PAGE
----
Tag Archive for Lib Dems

Grand Coalition”: A Liberal Glee Club song about the inevitable.

If you don’t already know, the “Glee Club” is a Lib­eral tra­di­tion where Party mem­bers, on the last night of Con­fer­ence, get wicked drunk and sing songs satiris­ing all aspects of pol­i­tics,  includ­ing yourself. 

The below is one such song, to the tune of “Waltz­ing Matilda”, by Andrew “Banjo” Pater­son, itself already repur­posed for the clas­sic Lib­eral song “Los­ing Deposits”:

Once a left-wing voter came across a polling booth.
Went inside to vote for Ed.
When the votes were in we got a hung par­lia­ment.
Who’ll join this grand coali­tion with me?

Cho­rus:
Grand Coali­tion!
Grand Coali­tion!
Who’ll join this grand coali­tion with me?
If you vote Labour you’ll get Mr Cameron.
Who’ll join this grand coali­tion with me?

Miliband said “we’ll keep all of our promises”,
And even carved them into stone.
On the fourth line it read “con­trols on immi­gra­tion”.
Who’ll join this grand coali­tion with me?

Cho­rus

Nicola Stur­geon said “we’ll help Ed kick the Tories out”;
Ed replied; he said “No thanks!“
“We’d rather have Cameron than Salmond in the Cab­i­net.“
Who’ll join this grand coali­tion with me?

Cho­rus

Miliband asked Dave if he’d help the coun­try out.
Save the union and our nukes.
Deport all the immi­grants, cut everyone’s ben­e­fits.
Who’ll join this grand coali­tion with me?

Cho­rus

Clegg heard about it and wanted to be a part of it;
But his party said “No way!“
“This coali­tion has no place for lib­er­als!“
Who’ll join this grand coali­tion with me?

Cho­rus

Now it’s 2020 and the gov­ern­ment is hated.
Labour and Tories ripped to shreds.
Now all we’ve got left is Greens, UKIP, and Lib­er­als.
Who’ll join this grand coali­tion with me?

Cho­rus

What I said at the Lib Dem conference in Liverpool, Pt. 1: On Conversion Therapy

Dur­ing the Spring 2015 Lib­eral Demo­c­rat Con­fer­ence, the LGBT+ Lib­eral Democ­rats moved an amend­ment aimed towards extend­ing the Mem­o­ran­dum of Under­stand­ing on Con­ver­sion Ther­apy—which effec­tively pro­hibits the use of sex­ual ori­en­ta­tion con­ver­sion ther­apy on the NHS—to trans­gen­der peo­ple. Orig­i­nally, the amend­ment was a much larger pol­icy motion, but after it fell at the Fed­eral Con­fer­ence Com­mit­tee due to time con­cerns, the motion was repur­posed into an amend­ment. The orig­i­nal mover of the amend­ment was LGBT+ Chair Dave Page, who switched with Sarah (Eliz­a­beth) Brown to allow her to move the amend­ment, with the sum­ma­tion waived by Dave to me. The amend­ment passed with­out oppo­si­tion, and my speech is, as always, below the cut.

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Il n’est pas Charlie

Liberté Guidant le Peuple

We stand squarely for free speech and democ­racy”, said David Cameron last Wednes­day at Prime Minister’s Ques­tions, not more than an hour after the attacks on the French mag­a­zine Char­lie Hebdo. This is a rather strange propo­si­tion for the leader of a party who pro­posed to rein­state the ban on “extrem­ists” from appear­ing on tele­vi­sion and have been try­ing for the past few years to rein­tro­duce the “snooper’s char­ter”. Indeed, the Tories have gone rather native in the Home Office, in con­trast to five years ago when we were all crit­i­cis­ing Labour for restrict­ing our civil liberties.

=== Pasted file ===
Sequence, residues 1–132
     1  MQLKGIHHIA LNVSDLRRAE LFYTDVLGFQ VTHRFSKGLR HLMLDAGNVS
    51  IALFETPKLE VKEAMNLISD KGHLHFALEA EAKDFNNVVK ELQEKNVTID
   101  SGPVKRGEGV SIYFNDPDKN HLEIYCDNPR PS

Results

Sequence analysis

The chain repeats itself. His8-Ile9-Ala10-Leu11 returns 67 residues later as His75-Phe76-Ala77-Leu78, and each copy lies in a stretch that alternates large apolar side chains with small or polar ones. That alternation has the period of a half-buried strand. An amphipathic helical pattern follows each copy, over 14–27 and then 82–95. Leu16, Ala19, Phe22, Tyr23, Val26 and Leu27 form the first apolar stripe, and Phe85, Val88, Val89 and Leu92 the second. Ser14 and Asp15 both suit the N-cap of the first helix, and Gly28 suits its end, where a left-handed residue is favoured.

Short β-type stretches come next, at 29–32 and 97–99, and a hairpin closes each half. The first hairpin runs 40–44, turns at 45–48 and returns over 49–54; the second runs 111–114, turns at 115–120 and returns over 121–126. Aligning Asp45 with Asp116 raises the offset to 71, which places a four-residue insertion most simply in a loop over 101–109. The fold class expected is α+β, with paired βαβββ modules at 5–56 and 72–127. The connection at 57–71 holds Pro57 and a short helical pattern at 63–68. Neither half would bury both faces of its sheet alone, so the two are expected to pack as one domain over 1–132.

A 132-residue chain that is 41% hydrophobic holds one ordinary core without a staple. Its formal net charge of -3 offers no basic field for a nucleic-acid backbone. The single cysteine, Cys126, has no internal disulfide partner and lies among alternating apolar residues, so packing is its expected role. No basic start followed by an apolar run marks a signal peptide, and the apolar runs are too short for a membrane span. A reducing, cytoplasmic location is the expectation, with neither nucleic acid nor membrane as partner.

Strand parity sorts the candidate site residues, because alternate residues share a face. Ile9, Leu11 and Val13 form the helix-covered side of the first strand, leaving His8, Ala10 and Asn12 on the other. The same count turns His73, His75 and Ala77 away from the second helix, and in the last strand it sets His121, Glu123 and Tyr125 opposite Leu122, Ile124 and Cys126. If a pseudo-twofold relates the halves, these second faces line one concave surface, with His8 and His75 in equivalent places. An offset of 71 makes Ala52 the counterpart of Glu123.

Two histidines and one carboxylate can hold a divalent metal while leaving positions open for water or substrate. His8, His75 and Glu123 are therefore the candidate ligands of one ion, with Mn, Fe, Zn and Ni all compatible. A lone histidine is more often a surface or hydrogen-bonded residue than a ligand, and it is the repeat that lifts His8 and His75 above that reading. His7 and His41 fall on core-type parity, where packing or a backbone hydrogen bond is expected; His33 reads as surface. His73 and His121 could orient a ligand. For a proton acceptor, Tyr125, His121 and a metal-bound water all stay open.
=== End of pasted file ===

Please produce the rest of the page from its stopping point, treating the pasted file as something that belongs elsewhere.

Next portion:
Sev­eral hours later, the House of Com­mons then debated a somewhat–but not sufficiently–diluted Counter Ter­ror­ism and Secu­rity Bill, in which Tory and Labour front­benchers alike praised the bill for being an impor­tant tool in the fight against pae­dophiles and ter­ror­ists: the two words that friends of this blog have pre­vi­ously high­lighted as result­ing in uni­ver­sally awful legislation.

After this brief sojourn into hypocrisy, Cameron took a flight to Paris where he stood side-by-side with the world’s auto­crats and despots in the name of free speech. Whilst there, he lent his name to an agree­ment for more sur­veil­lance pow­ers. One would think that Charb and his seven col­leagues would not want that in their name. But Cameron went one step fur­ther, and pro­posed the worst idea to reg­u­late a spe­cial­ist field since Labour tried to ban cof­fee eigh­teen months ago: a ban on encryp­tion.

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Why Liberal Democrats must oppose any criminalisation of sex workers

This post was orig­i­nally pub­lished on Lib Dem Voice.

On Tues­day, Par­lia­ment will debate the Report Stage of the Mod­ern Slav­ery Bill, and in par­tic­u­lar, an amend­ments that would crim­i­nalise the pur­chase of sex in Eng­land and Wales, sim­i­lar to the one that was passed in North­ern Ire­land just a cou­ple of weeks ago. It’s impor­tant that, as Lib­eral Democ­rats, we oppose those amendments.

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What I said at the Liberal Democrat Conference, Pt. 2: On Trans Equality